E (LOTHIAN ROAD) ELEVATION: 19-bay. Tripartite fenestration except single bay (7th from right) with blank niche at ground floor. Regularly fenestrated at basement. Thermal mezzanine windows to 11 bays to right (excluding single niched bay) at ground floor; thermal windows at ground floor with bipartites above in 2 bays to left; tripartites to ground floor and mezzanine in remaining bays to left; round-arched, doorpiece with Gibbsian surround, timber panelled door and semicircular fanlight in bay 3rd from left, raising cill of 2 lights at left of tripartite window above. Regular fenestration to 2nd, 3rd and 4th floors above. Semicircular pediments to regularly disposed bipartite dormers over each bay; 2-tier arrangement with large semicircular pediment over central and penultimate bays to left and right, comprising 4 round-arched windows to lower level, 2 to upper level with terminating obelisks, all flanked by single columns; small timber box dormers to mansard roof behind.
RETURN ELEVATION: single window at right of 3rd and 4th floors, bipartite at left of 4th floor; 2-stage attic dormer, as Lothian Road elevation, above.
NW (RUTLAND STREET) ELEVATION: 9 bays, grouped symmetrically, (window lights, 3-3-2-1-3-1-2-3-3) with 2 bays to outer left and right slightly advanced and treated as entrances at ground floor (bays to outer right converted as bar); carved caryatid mullions to thermal windows. Regular fenestration to all floors. 3 regularly disposed wallhead dormers with round-arched pediments over central bays; 2-stage arrangements as at Lothian Road over bays at outer ends; small timber box dormers set into mansard roof behind. RETURN ELEVATION: irregularly fenestrated at ground floor and mezzanine with some windows blocked; pilaster-style iron brackets fitted to wall at right at mezzanine level; regular fenestration to upper floors.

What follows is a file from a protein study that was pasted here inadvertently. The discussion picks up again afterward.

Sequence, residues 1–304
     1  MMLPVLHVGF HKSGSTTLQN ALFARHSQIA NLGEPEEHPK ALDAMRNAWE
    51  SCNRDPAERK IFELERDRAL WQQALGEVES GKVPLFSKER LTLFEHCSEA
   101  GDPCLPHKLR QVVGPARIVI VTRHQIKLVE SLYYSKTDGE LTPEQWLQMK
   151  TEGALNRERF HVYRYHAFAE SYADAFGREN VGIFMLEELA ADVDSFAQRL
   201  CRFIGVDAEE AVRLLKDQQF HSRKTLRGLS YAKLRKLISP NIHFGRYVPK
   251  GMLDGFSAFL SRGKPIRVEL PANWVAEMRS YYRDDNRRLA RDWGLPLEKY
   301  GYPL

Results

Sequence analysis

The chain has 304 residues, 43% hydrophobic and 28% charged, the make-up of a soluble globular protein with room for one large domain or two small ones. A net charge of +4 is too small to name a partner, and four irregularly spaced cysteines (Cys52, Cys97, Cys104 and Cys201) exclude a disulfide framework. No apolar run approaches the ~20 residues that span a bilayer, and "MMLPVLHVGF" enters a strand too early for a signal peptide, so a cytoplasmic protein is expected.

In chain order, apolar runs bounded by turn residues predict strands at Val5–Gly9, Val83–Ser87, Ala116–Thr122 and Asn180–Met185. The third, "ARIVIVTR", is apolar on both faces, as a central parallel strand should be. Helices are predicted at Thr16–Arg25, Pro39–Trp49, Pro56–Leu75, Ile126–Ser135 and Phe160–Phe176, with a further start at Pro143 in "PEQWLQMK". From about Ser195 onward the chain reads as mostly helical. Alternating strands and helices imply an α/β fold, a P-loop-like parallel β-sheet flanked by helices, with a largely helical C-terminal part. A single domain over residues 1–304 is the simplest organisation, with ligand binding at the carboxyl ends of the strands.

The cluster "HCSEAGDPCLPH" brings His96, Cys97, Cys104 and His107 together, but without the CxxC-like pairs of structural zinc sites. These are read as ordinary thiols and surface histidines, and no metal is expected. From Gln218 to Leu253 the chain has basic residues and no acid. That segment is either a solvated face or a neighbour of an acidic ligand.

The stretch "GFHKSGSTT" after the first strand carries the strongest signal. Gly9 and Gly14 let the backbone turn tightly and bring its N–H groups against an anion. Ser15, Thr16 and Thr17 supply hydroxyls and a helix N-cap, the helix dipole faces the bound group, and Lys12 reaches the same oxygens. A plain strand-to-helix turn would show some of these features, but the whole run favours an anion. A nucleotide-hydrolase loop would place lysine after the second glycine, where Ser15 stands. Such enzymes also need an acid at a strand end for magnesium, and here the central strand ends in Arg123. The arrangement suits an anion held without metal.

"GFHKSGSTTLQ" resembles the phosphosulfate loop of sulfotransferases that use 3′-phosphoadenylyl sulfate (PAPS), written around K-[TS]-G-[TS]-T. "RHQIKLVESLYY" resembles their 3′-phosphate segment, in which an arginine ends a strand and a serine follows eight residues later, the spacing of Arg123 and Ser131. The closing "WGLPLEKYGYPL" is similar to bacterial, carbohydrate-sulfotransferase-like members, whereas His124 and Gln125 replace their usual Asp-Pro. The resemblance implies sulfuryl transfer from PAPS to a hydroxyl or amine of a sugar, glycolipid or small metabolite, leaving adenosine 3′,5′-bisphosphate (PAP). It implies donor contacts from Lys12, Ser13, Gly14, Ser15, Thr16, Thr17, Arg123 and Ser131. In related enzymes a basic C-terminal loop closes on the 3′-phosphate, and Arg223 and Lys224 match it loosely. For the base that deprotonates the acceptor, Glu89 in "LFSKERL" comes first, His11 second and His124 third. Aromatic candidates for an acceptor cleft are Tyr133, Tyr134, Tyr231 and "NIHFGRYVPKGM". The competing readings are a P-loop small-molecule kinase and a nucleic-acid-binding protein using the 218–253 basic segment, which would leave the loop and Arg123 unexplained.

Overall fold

REAR (INTERNAL) ELEVATIONS: some red sandstone at mezzanine level (to rear of Lothian Road elevation), incorporating architraved windows; remainder principally regularly fenestrated.
Predominantly 2-pane timber sash and case windows. Grey slate roof; tall ashlar coped stacks; squat cylindrical cans. Cast-iron rainwater goods.
INTERIOR: designed by Washington Browne, executed by Scott Morton and Co. Timber panelling to reception hall with paired Egyptian caryatids supporting reception desk; restaurant at ground floor incorporates some original station features, such as red sandstone arches and overdoor carvings (also feature at ground floor of exterior at rear, along with copper-cased lamp fittings with ornamental wrought-iron brackets). Station clock, by Hamilton and Inches, to bar wall; paired, black marble columns with decorative plasterwork capitals incorporating thistle motif in main hall; deep dentilled cornices and fluted pilasters to lounge; imperial staircase from main hall with cast bronze 'tree' balusters and timber handrail (part of Robert & Roger Nicholson redecoration scheme, 1958); wood panelling to 1st floor corridors; timber balustrade to staircase to 2nd floor.